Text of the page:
Among motorcyclists, riders over the age of 40 are more likely than younger riders to be killed in collisions. Older riders are also more likely to suffer injuries, including severe injuries, than younger riders. This was attributed to a few factors, including:

  • Older riders’ slower reaction times;
  • Older riders’ more fragile bones; and
  • The increased likelihood of rollovers with larger motorcycles, which older riders tend to prefer.

 

Negligent Motorcyclists are Often to Blame for their Accidents

A motorcyclist’s age is not the only factor tied to an increased risk of injury. According to NHTSA from 2015, a significant percentage of motorcycle accidents can be attributed to motorcyclist negligence. A few statistics to support this include:

  • 33 percent of motorcyclists involved in fatal collisions were speeding at the time of their accidents, versus only 19 percent of passenger car drivers;
  • 27 percent of motorcyclists involved in fatal collisions had a blood alcohol content over the legal limit of 0.08 percent at the time of their accidents; and
  • 27 percent of motorcyclists involved in fatal collisions did not have valid licenses at the time of their accidents.

 

Work with an Experienced Alexandria Motorcycle Accident Lawyer

Injuries sustained in a motorcycle accident can have substantial expenses. If you are facing large bills because of your motorcycle accident injury, you could be entitled to receive compensation for these bills through a personal injury claim. To learn more, contact our team of motorcycle accident lawyers at Kamerow Law Firm, PLLC today to set up your initial consultation with us.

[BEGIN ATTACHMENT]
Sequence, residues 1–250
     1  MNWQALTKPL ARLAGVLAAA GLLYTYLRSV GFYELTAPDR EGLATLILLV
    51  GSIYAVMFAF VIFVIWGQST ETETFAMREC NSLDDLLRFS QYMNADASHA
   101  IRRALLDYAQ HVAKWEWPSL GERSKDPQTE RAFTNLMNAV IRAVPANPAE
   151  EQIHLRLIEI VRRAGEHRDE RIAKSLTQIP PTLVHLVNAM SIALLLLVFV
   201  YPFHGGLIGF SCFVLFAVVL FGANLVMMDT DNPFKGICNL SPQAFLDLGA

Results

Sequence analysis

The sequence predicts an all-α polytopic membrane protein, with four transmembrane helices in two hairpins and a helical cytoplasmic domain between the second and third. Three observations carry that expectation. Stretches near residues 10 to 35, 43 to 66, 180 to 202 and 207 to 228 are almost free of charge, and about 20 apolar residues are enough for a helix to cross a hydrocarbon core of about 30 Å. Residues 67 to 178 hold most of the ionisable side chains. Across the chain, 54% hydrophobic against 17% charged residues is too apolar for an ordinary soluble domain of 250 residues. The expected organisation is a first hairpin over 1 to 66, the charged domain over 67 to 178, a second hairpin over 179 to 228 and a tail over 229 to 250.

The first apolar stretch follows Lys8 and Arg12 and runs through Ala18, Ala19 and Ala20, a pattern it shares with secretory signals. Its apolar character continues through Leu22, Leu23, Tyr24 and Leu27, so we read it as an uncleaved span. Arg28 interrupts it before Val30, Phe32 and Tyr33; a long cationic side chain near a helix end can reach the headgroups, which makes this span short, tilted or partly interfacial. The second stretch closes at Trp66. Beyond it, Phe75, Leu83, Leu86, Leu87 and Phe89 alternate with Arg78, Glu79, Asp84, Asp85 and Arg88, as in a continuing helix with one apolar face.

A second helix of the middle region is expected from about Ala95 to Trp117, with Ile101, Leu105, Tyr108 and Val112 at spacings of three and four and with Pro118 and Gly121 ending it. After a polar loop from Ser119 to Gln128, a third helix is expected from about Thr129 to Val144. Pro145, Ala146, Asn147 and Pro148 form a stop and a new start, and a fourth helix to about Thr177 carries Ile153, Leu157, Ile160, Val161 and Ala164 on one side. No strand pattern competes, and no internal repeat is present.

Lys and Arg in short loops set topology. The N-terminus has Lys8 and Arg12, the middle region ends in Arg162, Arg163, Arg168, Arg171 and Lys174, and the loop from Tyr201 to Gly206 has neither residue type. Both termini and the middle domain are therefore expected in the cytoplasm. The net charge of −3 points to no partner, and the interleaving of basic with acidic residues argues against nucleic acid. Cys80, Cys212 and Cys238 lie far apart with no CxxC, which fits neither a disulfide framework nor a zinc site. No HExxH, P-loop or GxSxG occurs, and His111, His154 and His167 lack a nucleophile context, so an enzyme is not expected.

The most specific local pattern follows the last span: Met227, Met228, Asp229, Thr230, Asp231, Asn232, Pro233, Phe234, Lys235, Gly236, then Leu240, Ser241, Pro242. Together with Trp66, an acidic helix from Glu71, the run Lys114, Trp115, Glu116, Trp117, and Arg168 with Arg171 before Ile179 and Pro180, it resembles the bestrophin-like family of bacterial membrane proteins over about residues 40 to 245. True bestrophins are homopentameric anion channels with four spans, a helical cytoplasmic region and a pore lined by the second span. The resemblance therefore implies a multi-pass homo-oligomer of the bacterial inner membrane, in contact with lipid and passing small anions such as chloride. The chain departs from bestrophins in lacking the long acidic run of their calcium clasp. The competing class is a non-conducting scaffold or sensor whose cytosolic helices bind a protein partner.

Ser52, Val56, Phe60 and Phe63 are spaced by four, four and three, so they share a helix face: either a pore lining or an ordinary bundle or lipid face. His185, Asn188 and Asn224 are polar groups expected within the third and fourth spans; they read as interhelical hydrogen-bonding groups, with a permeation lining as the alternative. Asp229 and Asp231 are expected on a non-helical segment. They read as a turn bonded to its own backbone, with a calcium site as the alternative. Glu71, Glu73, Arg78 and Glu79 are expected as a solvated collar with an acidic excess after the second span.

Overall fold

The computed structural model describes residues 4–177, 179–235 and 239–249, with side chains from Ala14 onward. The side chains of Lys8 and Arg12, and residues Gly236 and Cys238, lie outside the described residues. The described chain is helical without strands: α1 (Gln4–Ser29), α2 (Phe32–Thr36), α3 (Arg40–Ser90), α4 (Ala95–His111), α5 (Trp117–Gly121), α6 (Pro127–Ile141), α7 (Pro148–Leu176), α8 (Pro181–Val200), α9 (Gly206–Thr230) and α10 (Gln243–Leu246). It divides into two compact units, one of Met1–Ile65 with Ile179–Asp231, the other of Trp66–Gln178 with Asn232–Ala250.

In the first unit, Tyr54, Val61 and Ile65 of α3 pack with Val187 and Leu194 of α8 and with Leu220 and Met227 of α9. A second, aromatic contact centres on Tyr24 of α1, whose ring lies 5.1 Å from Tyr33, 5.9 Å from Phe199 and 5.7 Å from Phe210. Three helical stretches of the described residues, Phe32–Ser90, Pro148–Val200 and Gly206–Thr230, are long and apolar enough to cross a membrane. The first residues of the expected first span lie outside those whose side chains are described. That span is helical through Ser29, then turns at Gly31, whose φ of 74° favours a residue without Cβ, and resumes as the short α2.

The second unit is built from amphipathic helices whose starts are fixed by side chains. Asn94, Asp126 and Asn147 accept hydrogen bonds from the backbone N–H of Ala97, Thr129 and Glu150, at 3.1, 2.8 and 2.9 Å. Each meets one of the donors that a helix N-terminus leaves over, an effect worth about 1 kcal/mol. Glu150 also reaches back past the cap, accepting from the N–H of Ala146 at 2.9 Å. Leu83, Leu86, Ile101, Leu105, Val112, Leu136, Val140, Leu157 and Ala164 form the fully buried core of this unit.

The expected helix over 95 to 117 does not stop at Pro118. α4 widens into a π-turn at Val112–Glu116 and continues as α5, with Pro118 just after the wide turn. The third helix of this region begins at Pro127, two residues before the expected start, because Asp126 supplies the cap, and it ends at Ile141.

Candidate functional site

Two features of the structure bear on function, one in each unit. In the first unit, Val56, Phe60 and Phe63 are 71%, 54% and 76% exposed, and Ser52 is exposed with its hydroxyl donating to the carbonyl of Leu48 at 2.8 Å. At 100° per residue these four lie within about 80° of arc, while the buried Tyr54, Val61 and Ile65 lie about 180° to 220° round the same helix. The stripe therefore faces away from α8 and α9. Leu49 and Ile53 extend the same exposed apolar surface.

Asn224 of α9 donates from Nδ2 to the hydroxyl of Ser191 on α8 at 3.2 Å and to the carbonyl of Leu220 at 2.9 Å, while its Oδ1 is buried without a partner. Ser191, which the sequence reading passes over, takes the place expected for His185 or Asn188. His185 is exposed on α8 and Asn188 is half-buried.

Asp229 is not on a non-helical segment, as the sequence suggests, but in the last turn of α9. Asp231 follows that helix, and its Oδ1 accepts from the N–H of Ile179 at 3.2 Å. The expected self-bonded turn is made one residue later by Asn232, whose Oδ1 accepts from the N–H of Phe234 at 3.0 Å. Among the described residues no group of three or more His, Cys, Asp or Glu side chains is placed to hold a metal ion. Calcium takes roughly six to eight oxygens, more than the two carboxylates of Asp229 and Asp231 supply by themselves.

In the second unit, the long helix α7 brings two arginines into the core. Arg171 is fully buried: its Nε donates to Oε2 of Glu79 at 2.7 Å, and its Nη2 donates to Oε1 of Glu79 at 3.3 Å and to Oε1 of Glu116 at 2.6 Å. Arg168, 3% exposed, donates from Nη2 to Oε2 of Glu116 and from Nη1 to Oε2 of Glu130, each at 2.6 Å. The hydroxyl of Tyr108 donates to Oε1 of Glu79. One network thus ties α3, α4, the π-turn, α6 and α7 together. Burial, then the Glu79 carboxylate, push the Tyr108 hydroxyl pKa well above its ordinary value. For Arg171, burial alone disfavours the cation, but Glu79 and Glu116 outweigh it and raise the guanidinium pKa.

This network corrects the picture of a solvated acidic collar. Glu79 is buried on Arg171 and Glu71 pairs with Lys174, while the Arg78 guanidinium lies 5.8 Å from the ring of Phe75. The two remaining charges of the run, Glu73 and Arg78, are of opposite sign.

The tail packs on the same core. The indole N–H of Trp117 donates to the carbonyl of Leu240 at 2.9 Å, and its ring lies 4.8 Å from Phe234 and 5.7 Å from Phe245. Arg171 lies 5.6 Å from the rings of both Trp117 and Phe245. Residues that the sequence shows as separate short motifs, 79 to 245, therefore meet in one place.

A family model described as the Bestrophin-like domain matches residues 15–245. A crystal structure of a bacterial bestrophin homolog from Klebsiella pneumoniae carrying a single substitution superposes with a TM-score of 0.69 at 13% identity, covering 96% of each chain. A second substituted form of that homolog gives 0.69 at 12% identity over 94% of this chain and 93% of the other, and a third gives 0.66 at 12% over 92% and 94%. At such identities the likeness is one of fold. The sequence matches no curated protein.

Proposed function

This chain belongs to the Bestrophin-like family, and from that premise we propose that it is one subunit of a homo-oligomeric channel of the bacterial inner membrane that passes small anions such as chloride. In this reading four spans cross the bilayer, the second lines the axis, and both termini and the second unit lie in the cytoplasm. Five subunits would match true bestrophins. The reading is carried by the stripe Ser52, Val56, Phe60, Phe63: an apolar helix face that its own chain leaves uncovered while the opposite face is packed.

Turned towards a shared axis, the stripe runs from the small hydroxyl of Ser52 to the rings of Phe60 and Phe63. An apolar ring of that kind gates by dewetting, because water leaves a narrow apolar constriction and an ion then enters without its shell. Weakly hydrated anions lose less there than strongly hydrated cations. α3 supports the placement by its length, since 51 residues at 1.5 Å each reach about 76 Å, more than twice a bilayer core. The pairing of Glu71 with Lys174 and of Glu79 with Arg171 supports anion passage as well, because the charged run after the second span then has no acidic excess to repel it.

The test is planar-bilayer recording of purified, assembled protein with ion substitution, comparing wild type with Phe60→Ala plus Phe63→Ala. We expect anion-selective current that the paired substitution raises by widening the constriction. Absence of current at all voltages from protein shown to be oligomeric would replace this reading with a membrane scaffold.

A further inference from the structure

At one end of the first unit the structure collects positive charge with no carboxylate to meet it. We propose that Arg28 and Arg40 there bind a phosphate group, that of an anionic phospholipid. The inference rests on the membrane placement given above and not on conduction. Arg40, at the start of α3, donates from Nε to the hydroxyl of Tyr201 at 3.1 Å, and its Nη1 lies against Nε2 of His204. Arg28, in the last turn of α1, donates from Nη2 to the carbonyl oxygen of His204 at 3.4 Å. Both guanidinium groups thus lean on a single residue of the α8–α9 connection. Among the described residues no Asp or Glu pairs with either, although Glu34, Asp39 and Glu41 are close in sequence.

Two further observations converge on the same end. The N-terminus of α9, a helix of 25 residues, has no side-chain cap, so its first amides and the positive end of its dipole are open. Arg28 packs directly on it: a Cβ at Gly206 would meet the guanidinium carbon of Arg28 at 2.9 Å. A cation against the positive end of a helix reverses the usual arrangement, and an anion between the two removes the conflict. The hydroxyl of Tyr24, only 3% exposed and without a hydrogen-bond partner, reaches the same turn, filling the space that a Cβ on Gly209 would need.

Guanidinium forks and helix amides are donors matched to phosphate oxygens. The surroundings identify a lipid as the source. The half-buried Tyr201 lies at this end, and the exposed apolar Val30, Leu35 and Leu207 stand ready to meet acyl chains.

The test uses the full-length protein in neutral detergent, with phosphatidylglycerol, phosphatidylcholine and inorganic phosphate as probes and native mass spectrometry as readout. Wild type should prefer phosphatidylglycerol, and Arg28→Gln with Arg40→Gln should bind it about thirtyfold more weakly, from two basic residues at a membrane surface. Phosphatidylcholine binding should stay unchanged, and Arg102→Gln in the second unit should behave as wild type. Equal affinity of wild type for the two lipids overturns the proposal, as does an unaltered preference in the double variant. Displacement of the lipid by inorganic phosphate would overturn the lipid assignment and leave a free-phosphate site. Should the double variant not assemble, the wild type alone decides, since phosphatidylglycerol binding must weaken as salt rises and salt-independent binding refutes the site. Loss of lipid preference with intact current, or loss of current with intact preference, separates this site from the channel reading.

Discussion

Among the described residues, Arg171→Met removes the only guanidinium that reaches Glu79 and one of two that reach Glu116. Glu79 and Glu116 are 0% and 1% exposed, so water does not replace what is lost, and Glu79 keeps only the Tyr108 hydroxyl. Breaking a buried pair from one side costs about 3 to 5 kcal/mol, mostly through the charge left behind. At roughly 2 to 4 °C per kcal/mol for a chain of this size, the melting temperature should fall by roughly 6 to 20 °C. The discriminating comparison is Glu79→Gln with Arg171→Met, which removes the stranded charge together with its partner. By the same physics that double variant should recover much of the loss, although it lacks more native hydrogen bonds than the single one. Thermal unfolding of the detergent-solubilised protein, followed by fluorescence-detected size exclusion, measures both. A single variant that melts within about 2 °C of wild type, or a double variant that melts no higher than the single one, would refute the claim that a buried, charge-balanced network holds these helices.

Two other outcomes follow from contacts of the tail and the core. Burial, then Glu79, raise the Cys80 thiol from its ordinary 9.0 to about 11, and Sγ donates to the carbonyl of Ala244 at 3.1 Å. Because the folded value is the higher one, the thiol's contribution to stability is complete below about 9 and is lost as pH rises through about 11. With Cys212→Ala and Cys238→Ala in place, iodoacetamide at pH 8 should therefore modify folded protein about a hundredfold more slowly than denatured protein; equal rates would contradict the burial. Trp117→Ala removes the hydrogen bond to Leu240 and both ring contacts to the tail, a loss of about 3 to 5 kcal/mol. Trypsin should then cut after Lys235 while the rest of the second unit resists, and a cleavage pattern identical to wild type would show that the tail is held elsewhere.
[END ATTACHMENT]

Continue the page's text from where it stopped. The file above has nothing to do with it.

Granting a Loved One Power of Attorney

Estate planning refers to a series of designations to make, not just one or two legal documents. One of the numerous issues to determine through the estate planning process is to designate which individual or individuals have power of attorney for the party planning his or her estate. Power of attorney is the right to make legal decisions on another individual’s behalf, which can include medical and financial decisions. When an individual has power of attorney, it is his or her job to act in the incapacitated party’s best interest and according to his or her wishes.

 

Types of Power of Attorney

There are a few different ways to grant power of attorney. The party with power of attorney is known as the agent and the party who grants it is known as the principal.

  • Durable power of attorney. This permits the agent to make decisions on the principal’s behalf from his or her incapacitation to his or her death;
  • Non-durable power of attorney. With this arrangement, power of attorney is only granted for a specific period of time, often tied to a specific transaction, then ceases once the period of time expires;
  • Springing power of attorney. Springing power of attorney can be durable or non-durable. It goes into effect when a specific event occurs and the principal cannot attend to the event; and
  • Limited power of attorney. This type of power of attorney is even more narrow than non-durable power of attorney. It grants the agent the right to make choices on one specific transaction.

 

Power of Attorney is Not Automatic

A common misconception about power of attorney is that an individual’s spouse automatically has power of attorney for him or her. This is not true. An individual must designate another adult as having power of attorney for him or her, and this other adult can be anybody, such as the individual’s sibling or child.

 

Work with an Experienced Alexandria Estate Planning Lawyer

Designating a loved one’s power of attorney for you in the event you become incapacitated is an important part of the estate planning process. To ensure that your rights are protected and there is no room to dispute your choice, work with an experienced estate planning lawyer to complete this process. Contact our team at Kamerow Law Firm, PLLC today to set up your initial consultation in our office.